Bale of Mulch
, a renewable energy source, is biological material from living, or recently living organisms, such as wood, waste, (hydrogen) gas, and alcohol fuels. Biomass
is commonly plant matter grown to generate electricity or produce heat. In this sense, living biomass
can also be included, as plants can also generate electricity while still alive. The most conventional way in which biomass
is used, however, still relies on direct incineration. Forest residues, for example (such as dead trees, branches and tree stumps), yard clippings, wood chips and garbage are often used for this. However, biomass
also includes plant or animal matter used for production of fibers or chemicals. Biomass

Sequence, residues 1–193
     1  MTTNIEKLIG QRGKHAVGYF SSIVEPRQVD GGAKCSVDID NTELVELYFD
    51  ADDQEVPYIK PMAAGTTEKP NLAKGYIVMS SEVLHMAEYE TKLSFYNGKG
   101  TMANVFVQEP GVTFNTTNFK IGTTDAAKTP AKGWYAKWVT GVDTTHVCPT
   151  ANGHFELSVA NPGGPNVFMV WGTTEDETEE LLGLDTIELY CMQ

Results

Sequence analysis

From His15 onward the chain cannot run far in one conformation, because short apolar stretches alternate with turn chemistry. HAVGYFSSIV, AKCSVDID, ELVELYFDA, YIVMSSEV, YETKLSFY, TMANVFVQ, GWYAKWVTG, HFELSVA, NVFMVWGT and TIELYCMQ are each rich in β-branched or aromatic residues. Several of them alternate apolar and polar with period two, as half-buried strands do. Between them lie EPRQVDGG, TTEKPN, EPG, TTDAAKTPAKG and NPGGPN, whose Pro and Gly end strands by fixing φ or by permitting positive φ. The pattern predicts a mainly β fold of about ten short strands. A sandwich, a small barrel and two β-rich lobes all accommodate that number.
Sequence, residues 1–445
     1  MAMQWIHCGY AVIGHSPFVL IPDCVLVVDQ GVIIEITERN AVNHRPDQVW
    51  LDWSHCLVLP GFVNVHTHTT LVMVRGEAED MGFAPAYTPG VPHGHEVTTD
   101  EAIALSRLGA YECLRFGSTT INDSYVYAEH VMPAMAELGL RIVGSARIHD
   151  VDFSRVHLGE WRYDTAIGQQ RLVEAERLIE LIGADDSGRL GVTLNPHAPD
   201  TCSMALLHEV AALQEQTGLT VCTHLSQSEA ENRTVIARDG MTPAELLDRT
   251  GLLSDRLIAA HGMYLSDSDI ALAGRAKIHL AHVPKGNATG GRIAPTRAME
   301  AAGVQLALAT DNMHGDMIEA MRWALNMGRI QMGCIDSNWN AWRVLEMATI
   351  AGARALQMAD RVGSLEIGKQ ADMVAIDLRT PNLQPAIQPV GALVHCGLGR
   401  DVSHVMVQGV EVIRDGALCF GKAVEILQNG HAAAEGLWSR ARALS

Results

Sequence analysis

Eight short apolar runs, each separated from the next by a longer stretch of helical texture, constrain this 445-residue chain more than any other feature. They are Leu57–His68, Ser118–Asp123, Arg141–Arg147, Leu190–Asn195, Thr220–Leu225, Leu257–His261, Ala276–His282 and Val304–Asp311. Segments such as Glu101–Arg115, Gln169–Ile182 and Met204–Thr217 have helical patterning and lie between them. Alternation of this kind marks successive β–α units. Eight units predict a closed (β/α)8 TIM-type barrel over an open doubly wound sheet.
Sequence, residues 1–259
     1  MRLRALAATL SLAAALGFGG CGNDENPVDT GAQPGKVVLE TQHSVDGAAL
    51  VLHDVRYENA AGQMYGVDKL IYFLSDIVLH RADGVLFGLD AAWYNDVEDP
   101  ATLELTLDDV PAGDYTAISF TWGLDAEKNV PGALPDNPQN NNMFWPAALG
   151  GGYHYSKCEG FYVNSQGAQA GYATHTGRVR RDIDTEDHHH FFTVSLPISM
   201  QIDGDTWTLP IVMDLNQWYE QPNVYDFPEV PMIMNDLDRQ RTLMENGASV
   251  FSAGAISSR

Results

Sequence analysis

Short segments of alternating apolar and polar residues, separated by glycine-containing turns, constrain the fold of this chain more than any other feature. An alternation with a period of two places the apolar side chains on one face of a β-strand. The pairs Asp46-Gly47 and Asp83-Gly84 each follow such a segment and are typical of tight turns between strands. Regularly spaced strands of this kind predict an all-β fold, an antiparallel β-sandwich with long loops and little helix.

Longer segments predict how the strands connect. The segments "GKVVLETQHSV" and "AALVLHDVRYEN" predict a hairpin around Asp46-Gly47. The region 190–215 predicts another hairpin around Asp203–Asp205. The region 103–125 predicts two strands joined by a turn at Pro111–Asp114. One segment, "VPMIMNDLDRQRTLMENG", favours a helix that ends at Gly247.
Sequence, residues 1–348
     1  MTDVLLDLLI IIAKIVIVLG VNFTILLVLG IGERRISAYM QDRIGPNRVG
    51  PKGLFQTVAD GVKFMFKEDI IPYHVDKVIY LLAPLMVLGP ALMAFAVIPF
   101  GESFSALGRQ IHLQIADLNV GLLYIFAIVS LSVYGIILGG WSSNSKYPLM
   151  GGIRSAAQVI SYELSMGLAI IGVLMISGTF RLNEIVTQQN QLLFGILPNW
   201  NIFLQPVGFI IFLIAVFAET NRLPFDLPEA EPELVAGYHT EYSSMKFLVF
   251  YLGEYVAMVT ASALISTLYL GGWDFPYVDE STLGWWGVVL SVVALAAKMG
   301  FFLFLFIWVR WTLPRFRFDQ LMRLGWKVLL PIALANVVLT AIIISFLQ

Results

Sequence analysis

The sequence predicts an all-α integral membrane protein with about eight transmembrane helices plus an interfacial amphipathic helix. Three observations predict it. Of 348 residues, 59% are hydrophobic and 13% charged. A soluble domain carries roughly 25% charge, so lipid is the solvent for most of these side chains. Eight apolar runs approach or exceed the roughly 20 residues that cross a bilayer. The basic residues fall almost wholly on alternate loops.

may also include biodegradable wastes that can be burnt as fuel. It excludes such organic materials as fossil fuels, which have been transformed by geological processes into substances such as coal or petroleum.
Industrial biomass can be grown from numerous types of plants, including miscanthus, switchgrass, hemp, corn, poplar, willow, sorghum, sugarcane, and a variety of tree species, ranging from eucalyptus to oil palm (palm oil). The particular plant used is usually not important to the end products, but it does affect the processing of the raw material.
Although fossil fuels have their origin in ancient biomass, they are not considered biomass by the generally accepted definition because they contain carbon that has been “out” of the carbon cycle for a very long time. Their combustion therefore disturbs the carbon dioxide content in the atmosphere.
Originally posted on http://en.wikipedia.org/wiki/Biomass